Ul­tra-pro­ces­sed foods might be con­ve­nient and fast, but they’re not healthy and we’re pa­ying hea­vily for it. Un­healthy diet is now the lea­ding risk fac­tor for death - it was res­pon­si­ble for 47,000 deaths in Ca­na­da in 2016. And the Pu­blic Health Agency of Ca­na­da says the an­nual cost of diet-re­la­ted di­sea­se in Ca­na­da is $26 bi­llion.

What can we do to com­bat this die­tary cri­sis? The­re’s no easy fix, but a num­ber of im­por­tant things can and must be do­ne.

Res­tric­ting un­healthy food and be­ve­ra­ge mar­ke­ting to chil­dren is a good step. For­tu­na­tely, such le­gis­la­tion is being de­ba­ted in the Hou­se of Commons.

We need up­da­ted na­tio­nal die­tary gui­de­li­nes and edu­ca­tion to help Ca­na­dians ma­ke healthy choi­ces. Again, for­tu­na­tely, the fe­de­ral go­vern­ment has an­noun­ced a new Healthy Ea­ting Stra­tegy that in­clu­des re­vi­sions to Ca­na­da’s Food Gui­de and strong front-of-pack nu­tri­tion la­be­lling.

We al­so need to chan­ge how we think and talk about food. Our pu­blic dis­cus­sions about food in re­cent de­ca­des ha­ve been fo­cu­sed mo­re on par- ti­cu­lar vi­llains - sa­tu­ra­ted fats, so­dium and su­gar - which has left little room to pro­mo­te a who­le-diet ap­proach. We need to sup­port peo­ple to look mo­re at their ove­rall diet, and the im­por­tan­ce of ta­king the ti­me to get fresh and mi­ni­mally-pro­ces­sed foods to ma­ke mo­re de­li­cious but healthy meals at ho­me from scratch.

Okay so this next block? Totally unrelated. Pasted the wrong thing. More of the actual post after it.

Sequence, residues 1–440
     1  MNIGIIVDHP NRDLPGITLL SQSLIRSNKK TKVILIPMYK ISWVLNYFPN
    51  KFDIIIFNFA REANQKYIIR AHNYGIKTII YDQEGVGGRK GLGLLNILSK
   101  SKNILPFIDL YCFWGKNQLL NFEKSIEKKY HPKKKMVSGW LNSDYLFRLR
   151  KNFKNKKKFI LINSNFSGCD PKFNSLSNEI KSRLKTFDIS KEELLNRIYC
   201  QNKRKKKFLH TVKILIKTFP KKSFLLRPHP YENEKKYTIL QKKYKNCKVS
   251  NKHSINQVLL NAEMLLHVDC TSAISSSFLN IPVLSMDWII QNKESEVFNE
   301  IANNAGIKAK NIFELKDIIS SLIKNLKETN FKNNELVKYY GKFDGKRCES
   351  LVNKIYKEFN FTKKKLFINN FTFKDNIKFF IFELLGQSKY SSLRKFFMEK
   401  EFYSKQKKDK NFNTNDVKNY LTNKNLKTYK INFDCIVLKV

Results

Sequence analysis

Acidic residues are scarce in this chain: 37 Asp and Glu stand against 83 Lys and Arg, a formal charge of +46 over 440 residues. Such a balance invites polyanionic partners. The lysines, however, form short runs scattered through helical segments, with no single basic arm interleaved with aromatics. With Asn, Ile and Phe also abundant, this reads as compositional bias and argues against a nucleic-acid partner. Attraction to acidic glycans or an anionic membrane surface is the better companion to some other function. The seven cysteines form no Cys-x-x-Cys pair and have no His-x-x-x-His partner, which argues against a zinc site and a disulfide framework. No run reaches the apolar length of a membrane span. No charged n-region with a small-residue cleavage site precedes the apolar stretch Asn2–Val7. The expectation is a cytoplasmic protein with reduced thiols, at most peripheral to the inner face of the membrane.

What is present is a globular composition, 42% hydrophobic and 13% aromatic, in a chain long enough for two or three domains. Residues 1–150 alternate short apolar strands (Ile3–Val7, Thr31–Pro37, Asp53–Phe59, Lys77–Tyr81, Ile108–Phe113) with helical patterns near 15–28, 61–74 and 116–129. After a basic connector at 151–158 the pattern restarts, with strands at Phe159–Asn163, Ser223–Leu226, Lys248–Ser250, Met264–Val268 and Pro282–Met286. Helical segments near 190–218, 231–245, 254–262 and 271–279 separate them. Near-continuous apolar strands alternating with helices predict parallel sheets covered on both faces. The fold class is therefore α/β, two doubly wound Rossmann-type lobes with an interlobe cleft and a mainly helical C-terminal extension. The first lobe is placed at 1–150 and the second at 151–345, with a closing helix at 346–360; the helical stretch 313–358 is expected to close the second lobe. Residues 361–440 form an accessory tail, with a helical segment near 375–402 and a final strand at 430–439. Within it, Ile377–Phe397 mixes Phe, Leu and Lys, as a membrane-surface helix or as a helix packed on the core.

We need to bring back co­oking in schools, hos­pi­tals, se­nior ci­ti­zens hou­ses and even at work­pla­ces so ever­yo­ne can ha­ve ac­cess to freshly-made meals from real food.

We al­so need to res­to­re the im­por­tant so­cial be­ne­fits fa­mi­lies ha­ve lost by not spen­ding ti­me co­oking and ea­ting healthy meals together. The­se fun­da­men­tal ac­ti­vi­ties tie us together and to na­tu­re.

We can chan­ge. It starts by ig­no­ring most of tho­se 40,000 items at your lo­cal su­per­mar­ket. -TROYMEDIA